To report the presence of urolithiasis in dogs long-term after gradual attenuation of congenital extrahepatic portosystemic shunts (cEHPSS).
25 client-owned dogs that underwent gradual attenuation of a cEHPSS, of which 19 had a closed cEHPSS and 6 developed multiple acquired portosystemic shunts (MAPSS) following surgery.
A retrospective study with prospective follow-up was performed. Dogs that underwent cEHPSS surgery and had their postoperative cEHPSS status determined by transsplenic portal scintigraphy or CT angiography 3 months postoperatively were prospectively contacted and invited for a long-term follow-up visit (a minimum of 6 months postoperatively). Retrospective data were collected, and during the prospective follow-up visit a thorough history, blood tests and urinalysis, and ultrasonography of the urinary tract were performed to assess the presence of urinary signs and urolithiasis.
Of 25 included dogs, 1 of 19 (5%) dogs with closed cEHPSS and 4 of 6 (67%) dogs with MAPSS had urolithiasis at long-term follow-up. Three (50%) dogs with MAPSS developed new uroliths. Long-term, dogs with closed cEHPSS that initially presented with and without urolithiasis had significantly less urolithiasis compared to dogs with MAPSS (P = .013 and P = .010, respectively). In the 4 dogs with closed cEHPSS that initially presented with nephrolithiasis, nephroliths became smaller or were no longer visible at the long-term follow-up visit.
Dogs that developed MAPSS following cEHPSS surgery are at greater risk of urolithiasis compared to those with closed cEHPSS. Furthermore, ammonium urate uroliths might dissolve if portosystemic shunting ceases to exist.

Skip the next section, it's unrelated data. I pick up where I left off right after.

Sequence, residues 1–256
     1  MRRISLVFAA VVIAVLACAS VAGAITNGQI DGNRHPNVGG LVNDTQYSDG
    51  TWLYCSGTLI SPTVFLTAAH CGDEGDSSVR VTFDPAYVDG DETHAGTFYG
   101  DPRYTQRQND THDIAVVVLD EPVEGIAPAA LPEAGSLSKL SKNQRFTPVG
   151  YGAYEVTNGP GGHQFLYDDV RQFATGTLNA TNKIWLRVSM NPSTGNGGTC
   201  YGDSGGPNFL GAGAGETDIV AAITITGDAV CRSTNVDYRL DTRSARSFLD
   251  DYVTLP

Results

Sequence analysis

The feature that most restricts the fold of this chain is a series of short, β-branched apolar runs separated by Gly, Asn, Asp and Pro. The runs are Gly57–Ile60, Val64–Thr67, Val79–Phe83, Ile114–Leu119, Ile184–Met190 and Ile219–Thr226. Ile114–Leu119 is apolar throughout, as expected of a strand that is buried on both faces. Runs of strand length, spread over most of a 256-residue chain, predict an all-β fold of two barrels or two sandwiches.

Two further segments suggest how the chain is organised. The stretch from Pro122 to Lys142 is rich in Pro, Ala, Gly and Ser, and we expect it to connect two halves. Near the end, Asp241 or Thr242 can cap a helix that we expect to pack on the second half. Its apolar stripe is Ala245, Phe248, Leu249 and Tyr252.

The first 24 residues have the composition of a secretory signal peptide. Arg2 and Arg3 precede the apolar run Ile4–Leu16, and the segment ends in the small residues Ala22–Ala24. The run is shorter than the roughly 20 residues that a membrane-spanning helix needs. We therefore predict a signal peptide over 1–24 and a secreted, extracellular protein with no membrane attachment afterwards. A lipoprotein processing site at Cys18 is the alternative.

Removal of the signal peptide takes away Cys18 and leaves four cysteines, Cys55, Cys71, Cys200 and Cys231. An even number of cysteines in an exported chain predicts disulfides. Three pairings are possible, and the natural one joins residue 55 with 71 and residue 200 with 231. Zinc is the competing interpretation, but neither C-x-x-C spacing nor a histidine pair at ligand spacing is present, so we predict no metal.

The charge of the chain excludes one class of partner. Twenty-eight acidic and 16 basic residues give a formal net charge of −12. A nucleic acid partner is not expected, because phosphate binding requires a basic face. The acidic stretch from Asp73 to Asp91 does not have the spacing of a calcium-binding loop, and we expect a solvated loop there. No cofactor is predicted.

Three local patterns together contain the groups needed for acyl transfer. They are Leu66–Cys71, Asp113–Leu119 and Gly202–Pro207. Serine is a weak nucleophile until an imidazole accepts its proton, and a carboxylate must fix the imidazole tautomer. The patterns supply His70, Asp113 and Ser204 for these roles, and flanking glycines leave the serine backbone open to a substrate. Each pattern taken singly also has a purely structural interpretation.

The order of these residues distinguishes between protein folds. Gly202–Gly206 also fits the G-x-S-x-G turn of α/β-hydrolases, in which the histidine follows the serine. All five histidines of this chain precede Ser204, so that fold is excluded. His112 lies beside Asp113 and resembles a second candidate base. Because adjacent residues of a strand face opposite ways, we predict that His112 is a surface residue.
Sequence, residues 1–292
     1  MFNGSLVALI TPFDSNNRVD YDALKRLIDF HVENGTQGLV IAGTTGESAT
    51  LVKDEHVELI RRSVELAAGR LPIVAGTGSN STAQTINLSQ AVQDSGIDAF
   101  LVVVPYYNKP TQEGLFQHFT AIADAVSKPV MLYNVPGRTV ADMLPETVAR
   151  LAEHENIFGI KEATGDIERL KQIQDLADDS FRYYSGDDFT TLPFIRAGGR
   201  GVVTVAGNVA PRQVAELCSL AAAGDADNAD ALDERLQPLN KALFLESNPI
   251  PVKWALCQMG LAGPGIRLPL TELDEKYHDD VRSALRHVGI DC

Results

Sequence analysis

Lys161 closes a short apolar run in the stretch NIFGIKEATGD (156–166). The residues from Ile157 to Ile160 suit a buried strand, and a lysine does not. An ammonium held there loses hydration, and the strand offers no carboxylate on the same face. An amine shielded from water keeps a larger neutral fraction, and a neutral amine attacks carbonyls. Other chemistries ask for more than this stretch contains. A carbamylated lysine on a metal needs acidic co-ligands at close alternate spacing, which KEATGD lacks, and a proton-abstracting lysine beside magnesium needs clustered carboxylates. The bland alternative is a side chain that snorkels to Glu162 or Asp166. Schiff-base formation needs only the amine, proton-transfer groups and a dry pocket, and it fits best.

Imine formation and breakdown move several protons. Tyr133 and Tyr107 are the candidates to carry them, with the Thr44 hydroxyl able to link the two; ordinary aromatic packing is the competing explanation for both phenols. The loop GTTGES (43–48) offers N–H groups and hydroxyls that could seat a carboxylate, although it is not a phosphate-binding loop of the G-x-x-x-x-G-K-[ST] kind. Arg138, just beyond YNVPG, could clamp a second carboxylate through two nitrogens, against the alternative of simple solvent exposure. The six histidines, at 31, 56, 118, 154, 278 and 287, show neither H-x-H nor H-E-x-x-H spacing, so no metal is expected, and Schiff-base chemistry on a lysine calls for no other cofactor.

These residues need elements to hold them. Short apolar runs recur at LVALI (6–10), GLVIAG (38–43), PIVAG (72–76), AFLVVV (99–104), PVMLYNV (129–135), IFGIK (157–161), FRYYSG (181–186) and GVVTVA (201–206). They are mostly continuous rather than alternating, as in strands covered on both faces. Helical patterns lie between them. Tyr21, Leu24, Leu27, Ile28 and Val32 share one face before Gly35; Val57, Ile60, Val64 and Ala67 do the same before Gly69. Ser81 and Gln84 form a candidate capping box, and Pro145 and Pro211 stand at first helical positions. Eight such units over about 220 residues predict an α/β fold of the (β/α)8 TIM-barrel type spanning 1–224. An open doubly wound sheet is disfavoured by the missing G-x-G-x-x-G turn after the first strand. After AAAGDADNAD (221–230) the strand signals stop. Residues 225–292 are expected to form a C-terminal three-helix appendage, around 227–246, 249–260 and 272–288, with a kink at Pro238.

OBJECTIVE To compare ammonia concentrations in arterial blood, venous blood, and CSF samples of dogs with and without extrahepatic portosystemic shunts (EHPSS).
ANIMALS 19 dogs with congenital EHPSS and 6 healthy control dogs.
PROCEDURES All dogs underwent a physical examination and then were anesthetized for transsplenic portal scintigraphy to confirm the presence or absence of EHPSS. While dogs were anesthetized, arterial and venous blood samples and a CSF sample were simultaneously collected for determination of ammonia concentration, which was measured by use of a portable blood ammonia analyzer (device A) and a nonportable biochemical analyzer (device B). Results were compared between dogs with EHPSS and control dogs.
RESULTS Arterial, venous, and CSF ammonia concentrations for dogs with EHPSS were significantly greater than those for control dogs. For dogs with EHPSS, ammonia concentrations in both arterial and venous blood samples were markedly increased from the reference range. There was a strong positive correlation between arterial and venous ammonia concentrations and between blood (arterial or venous) and CSF ammonia concentrations.
CONCLUSIONS AND CLINICAL RELEVANCE Results indicated that blood and CSF ammonia concentrations in dogs with EHPSS were greater than those for healthy dogs and were strongly and positively correlated, albeit in a nonlinear manner. This suggested that the permeability of the blood-brain barrier to ammonia may be abnormally increased in dogs with EHPSS, but further investigation of the relationship between blood or CSF ammonia concentration and clinical signs of hepatic encephalopathy or the surgical outcome for dogs with EHPSS is warranted.